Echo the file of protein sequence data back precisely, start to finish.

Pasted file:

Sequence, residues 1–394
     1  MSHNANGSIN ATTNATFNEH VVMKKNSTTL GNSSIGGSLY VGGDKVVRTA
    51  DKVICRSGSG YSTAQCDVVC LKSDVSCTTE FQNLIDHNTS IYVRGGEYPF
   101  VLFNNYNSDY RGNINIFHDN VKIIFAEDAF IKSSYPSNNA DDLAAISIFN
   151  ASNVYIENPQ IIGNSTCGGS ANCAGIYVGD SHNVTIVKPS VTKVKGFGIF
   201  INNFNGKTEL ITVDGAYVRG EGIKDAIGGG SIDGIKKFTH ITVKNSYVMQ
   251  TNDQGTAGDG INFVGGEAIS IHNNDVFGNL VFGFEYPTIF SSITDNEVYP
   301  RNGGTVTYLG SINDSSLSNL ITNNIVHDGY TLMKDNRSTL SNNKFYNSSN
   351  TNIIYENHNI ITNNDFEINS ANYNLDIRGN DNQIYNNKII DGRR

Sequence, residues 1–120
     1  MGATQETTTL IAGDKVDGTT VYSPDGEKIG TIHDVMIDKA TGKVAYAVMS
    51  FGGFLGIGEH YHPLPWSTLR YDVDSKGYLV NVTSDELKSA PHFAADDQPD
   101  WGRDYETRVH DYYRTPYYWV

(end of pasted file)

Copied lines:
Sequence, residues 1–394
     1  MSHNANGSIN ATTNATFNEH VVMKKNSTTL GNSSIGGSLY VGGDKVVRTA
    51  DKVICRSGSG YSTAQCDVVC LKSDVSCTTE FQNLIDHNTS IYVRGGEYPF
   101  VLFNNYNSDY RGNINIFHDN VKIIFAEDAF IKSSYPSNNA DDLAAISIFN
   151  ASNVYIENPQ IIGNSTCGGS ANCAGIYVGD SHNVTIVKPS VTKVKGFGIF
   201  INNFNGKTEL ITVDGAYVRG EGIKDAIGGG SIDGIKKFTH ITVKNSYVMQ
   251  TNDQGTAGDG INFVGGEAIS IHNNDVFGNL VFGFEYPTIF SSITDNEVYP
   301  RNGGTVTYLG SINDSSLSNL ITNNIVHDGY TLMKDNRSTL SNNKFYNSSN
   351  TNIIYENHNI ITNNDFEINS ANYNLDIRGN DNQIYNNKII DGRR

Sequence, residues 1–120
     1  MGATQETTTL IAGDKVDGTT VYSPDGEKIG TIHDVMIDKA TGKVAYAVMS
    51  FGGFLGIGEH YHPLPWSTLR YDVDSKGYLV NVTSDELKSA PHFAADDQPD
   101  WGRDYETRVH DYYRTPYYWV